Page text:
The principles of project management
Project management is the process and activity of planning, organizing, motivating, and controlling resources, procedures and protocols to achieve specific goals in scientific or daily problems. A project is a temporary endeavour designed to produce a unique product, service or result1 with a defined beginning and end (usually time-constrained, and often constrained by funding or deliverables)2,[ undertaken to meet unique goals and objectives,3 typically to bring about beneficial change or added value. The temporary nature of projects stands in contrast with business as usual (or operations),4 which are repetitive, permanent, or semi-permanent functional activities to produce products or services. In practice, the management of these two systems is often quite different, and as such requires the development of distinct technical skills and management strategies. The primary challenge of project management is to achieve all of the project goals5 and objectives while honouring the preconceived constraints.6 The primary constraints are scope, time, quality and budget.7 The secondary — and more ambitious — challenge is to optimize the allocation of necessary inputs and integrate them to meet pre-defined objectives. There are a number of approaches to managing project activities including lean, iterative, incremental, and phased approaches.
Regardless of the methodology employed, careful consideration must be given to the overall project objectives, timeline, and cost, as well as the roles and responsibilities of all participants and stakeholders.
The traditional approach
A traditional phased approach identifies a sequence of steps to be completed. In the "traditional approach", five developmental components of a project can be distinguished (four stages plus control):
Typical development phases of an engineering project
2. Planning and design
3. Execution and construction
4. Monitoring and controlling systems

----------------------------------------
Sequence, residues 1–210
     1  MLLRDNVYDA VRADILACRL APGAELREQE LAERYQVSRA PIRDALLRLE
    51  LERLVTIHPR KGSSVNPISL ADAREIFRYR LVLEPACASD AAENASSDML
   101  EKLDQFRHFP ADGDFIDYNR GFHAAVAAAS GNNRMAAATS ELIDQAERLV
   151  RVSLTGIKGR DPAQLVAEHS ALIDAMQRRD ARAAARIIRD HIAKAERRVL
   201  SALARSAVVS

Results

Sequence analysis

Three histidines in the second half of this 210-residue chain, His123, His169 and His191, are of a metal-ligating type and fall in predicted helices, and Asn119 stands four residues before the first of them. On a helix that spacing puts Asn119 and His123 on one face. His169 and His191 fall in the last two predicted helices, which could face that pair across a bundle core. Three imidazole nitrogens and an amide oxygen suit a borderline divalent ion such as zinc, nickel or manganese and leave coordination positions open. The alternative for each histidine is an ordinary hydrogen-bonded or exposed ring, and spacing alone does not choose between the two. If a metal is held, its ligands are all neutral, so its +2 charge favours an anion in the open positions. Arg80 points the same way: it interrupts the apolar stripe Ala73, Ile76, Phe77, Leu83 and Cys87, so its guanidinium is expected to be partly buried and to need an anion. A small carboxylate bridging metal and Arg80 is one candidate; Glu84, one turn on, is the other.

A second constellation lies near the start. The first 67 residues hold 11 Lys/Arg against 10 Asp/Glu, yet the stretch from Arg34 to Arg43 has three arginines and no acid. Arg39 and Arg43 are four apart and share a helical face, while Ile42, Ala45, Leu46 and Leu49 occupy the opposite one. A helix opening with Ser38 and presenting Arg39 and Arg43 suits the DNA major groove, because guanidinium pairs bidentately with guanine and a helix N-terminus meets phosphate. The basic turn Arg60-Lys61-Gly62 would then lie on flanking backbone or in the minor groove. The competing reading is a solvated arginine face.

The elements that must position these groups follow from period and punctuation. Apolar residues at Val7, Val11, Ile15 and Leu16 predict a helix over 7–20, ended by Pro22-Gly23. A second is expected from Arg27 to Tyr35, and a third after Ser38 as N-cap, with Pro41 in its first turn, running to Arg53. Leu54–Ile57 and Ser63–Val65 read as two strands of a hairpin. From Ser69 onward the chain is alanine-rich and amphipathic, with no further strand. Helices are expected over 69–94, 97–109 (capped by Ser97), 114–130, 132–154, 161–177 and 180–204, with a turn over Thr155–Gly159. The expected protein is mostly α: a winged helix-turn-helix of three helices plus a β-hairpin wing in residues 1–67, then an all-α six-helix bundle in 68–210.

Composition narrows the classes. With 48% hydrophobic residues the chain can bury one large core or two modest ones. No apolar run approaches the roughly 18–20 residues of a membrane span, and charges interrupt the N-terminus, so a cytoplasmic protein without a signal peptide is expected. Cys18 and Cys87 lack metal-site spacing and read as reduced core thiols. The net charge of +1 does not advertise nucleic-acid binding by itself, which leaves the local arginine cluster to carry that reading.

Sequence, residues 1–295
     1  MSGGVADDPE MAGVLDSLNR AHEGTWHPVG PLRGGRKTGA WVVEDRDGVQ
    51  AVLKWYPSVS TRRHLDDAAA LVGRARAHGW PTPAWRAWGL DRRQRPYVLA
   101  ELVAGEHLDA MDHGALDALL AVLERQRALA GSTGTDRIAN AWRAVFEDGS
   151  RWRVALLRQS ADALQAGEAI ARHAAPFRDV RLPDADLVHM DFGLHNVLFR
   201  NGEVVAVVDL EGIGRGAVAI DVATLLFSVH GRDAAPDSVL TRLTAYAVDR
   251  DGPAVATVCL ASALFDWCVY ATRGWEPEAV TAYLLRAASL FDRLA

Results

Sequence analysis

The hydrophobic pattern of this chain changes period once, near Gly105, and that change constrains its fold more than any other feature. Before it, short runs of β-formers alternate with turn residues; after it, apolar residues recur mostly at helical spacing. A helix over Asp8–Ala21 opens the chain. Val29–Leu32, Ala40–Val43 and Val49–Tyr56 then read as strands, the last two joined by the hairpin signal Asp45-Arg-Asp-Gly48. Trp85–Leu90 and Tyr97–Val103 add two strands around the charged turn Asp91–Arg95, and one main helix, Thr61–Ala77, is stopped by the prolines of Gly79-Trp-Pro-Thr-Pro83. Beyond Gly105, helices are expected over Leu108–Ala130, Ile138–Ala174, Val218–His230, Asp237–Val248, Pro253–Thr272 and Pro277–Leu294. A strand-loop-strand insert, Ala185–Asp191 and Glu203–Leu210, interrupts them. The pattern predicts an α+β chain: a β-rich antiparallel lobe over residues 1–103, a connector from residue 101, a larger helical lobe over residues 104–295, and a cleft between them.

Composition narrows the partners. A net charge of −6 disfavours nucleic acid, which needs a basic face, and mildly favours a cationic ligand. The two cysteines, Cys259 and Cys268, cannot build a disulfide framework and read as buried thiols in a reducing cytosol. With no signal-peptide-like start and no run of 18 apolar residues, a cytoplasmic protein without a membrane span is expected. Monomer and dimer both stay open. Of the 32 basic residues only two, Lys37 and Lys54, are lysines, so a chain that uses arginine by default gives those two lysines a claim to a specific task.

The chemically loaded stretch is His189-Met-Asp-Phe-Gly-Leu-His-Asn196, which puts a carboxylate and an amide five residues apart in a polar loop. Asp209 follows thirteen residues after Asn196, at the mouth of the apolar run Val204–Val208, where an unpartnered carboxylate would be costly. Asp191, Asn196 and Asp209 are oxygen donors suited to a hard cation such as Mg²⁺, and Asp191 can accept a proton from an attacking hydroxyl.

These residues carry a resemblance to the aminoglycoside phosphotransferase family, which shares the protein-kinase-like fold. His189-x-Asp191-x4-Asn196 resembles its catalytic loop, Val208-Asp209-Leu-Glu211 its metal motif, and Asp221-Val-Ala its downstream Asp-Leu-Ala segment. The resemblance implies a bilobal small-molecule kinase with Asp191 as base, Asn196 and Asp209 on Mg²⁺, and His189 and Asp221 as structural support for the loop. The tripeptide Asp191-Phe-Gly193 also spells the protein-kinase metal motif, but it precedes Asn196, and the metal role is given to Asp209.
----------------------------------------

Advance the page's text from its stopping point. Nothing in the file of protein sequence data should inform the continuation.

Not all projects will have every stage, as projects can be terminated before they reach completion. Some projects do not follow a structured planning and/or monitoring process. And some projects will go through steps 2, 3 and 4 multiple times. PRINCE2 is a structured approach to project management released in 1996 as a generic project management method.8 It combines the original PROMPT methodology (which evolved into the PRINCE methodology) with IBM's MITP (managing the implementation of the total project) methodology. PRINCE2 provides a method for managing projects within a clearly defined framework.
PRINCE2 focuses on the definition and delivery of products, in particular their quality requirements. As such, it defines a successful project as being output-oriented (not activity- or task-oriented) through creating an agreed set of products9 that define the scope of the project and provides the basis for planning and control, that is, how then to coordinate people and activities, how to design and supervise product delivery, and what to do if products and therefore the scope of the project has to be adjusted if it does not develop as planned.
In the method, each process is specified with its key inputs and outputs and with specific goals and activities to be carried out to deliver a project's outcomes as defined by its Business Case. This allows for continuous assessment and adjustment when deviation from the Business Case is required.
PRINCE2 provides a common language for all participants in the project. The governance framework of PRINCE2 – its roles and responsibilities – are fully described and require tailoring to suit the complexity of the project and skills of the organisation.10
While talking about project management knowledge areas we mean: Integration management – making choices about where to concentrate resources and effort; anticipating potential issues; addressing these issues before...
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